5/11/06: maine johnson says:Gnome is the best thing that happened to SUSE!
    5/11/06: Clive Bearman from Waltham MA says:As the marketing manager responsible for Linux and AppArmor at Novell the answers are simple. 1. After doing extensive research with press, customers and analysts the unanimous advice was to stay with the SUSE brands. It's never easy to change names, but we decided to align ALL of the names for the new release of the platform in the summer. So for the community we have the "openSUSE project" that produces the "SUSE Linux" distro. For business there's the SUSE Linux Enterprise platform. It consists primarilty of "SUSE Linux Enterprise Server" and "SUSE Linux Enterprise Desktop". The platform also has companion products such as identity, resource and access management. And a patch and update support via the Novell Customer Center. 2. The SUSE Linux 10 isn't a desktop distro. It's a snapshot of the openSUSE project, so it contains alot of general stuff. It's released every six months and because it contains previews of new open source projects it's suitable for the Linux enthusiast. And as you've correctly noted, it's largely "unsupported"... Why? see below. SUSE/Novell applies significant engineering resources to help the openSUSE community projects mature. Once mature, the projects migrate to the enterprise products. (A recent example of this is Xen virtualization. It's been in the SUSE Linux stream since 9.3, but it wasn't really suitable for the enterprise until the SUSE Linux 10.1 stream). Once the projects migrate to the enterprise distro we thn performs hardware and software cetification for our ISV's and IHV's like IBM, HP and Dell. We can then gurantee a high level of support for EVERY project included in the distro. Finally we gurantee support for the Enterprise distros and teh applications contianed therin for a full seven years form the date of first release. So you see you just can't apply that type of quality process for a community distro that changes every six months (sometimes daily). And because we can't apply as much qa we dont offer support. (If we did it would be like encouraging the community to run beta projects in production. And no one benefits there.) Incidentally NOT all community projects make it to the enterprise distros either. So desktop is differnet thn server. And they are both different from the the enthusiast version SUSE Linux. 3. I can't comment on EXACT pricing, but I'd like to say personally disagree with your conclusion as to why individuals might be charged more than someonelike the State of Indiana. At first you may think the State would generate more support calls and therefore should be charged more. But you overlook the fact that many large customers have thier own support staff who triage most issues before they get to Novell. Also businesses use the enterprise distros which are of a higher quality as mentioned above. 3. As for "stick with a strategy" I couldn't disagree with you more avidly. We've only changed the name of desktop. There's no wavering on "strategy". Our business is producing and supporting the best server and desktop enterprise distros. Simple as that. We're committed to open source and we're continuing to innovate on both the desktop and server. You only have to look at SLED 10, with XGL. SLES 10 with Xen virtulization. 4. I do agree with you about AppArmor. It's a fantastic alternative to SELinx. It's easy to use, fast and practical. Who wouldn't use it? In fact since it's been open sourced AppArmor has been ported by the community to Slackware, Ubuntu and I think there a Fedora port in the works. You'll hear much more about AppArmor as we move closer to the summer launch of SUSE Linux Enteprise 10 in the summer. Finally if you really want to know what's going to be in the enterpise 10 products then go here (http://www.novell.com/linux/pdf/introducing_suselinuxenterprise10.pdf) - rather than your community link. And the Novell Linux homepage (http://www.novell.com/linux/) Hope that helps clear up the strategy ;-)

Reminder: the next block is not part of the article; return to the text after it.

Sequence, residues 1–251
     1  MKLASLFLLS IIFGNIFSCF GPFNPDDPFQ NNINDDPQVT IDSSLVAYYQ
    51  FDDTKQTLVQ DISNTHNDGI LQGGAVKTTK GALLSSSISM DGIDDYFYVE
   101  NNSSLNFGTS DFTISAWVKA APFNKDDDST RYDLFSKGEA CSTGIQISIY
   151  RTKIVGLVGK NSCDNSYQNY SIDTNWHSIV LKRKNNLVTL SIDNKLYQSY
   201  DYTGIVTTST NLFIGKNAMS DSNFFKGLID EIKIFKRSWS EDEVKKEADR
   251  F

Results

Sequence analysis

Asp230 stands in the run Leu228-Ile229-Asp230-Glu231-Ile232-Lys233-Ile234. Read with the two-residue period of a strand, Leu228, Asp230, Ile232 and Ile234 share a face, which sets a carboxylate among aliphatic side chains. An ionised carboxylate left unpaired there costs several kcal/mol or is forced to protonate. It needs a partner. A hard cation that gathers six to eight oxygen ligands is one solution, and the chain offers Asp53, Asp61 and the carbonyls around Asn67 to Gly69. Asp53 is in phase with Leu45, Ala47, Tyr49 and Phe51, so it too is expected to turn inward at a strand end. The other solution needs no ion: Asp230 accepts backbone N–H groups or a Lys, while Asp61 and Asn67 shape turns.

6/21/06: Anonymous says:Honestly who cares about Novell? Its products, its certifications and its marketing are all second class. Novell should focus its attention on getting acquired by a larger corporation. That would be the best strategy as perhaps a bigger company like IBM could strip out the good technologies and dump the rest.
    7/7/06: chad from manila says:its good
    9/4/06: may10 from philippines says:They are trying their best though. It's quite a jungle out there. REally hard to penetrate in the market when competitors are just around. "Sometimes we win some and sometimes we lose some". http://www.xrphiladelphiar.com
    10/12/06: Novlr4life says:The world is finally getting fed up about the lousy Microsoft patches and viruses and are looking for an alternative OS. Novell has the oppertunity to be "reborn again". Get it right this time, so we can take back the world !!!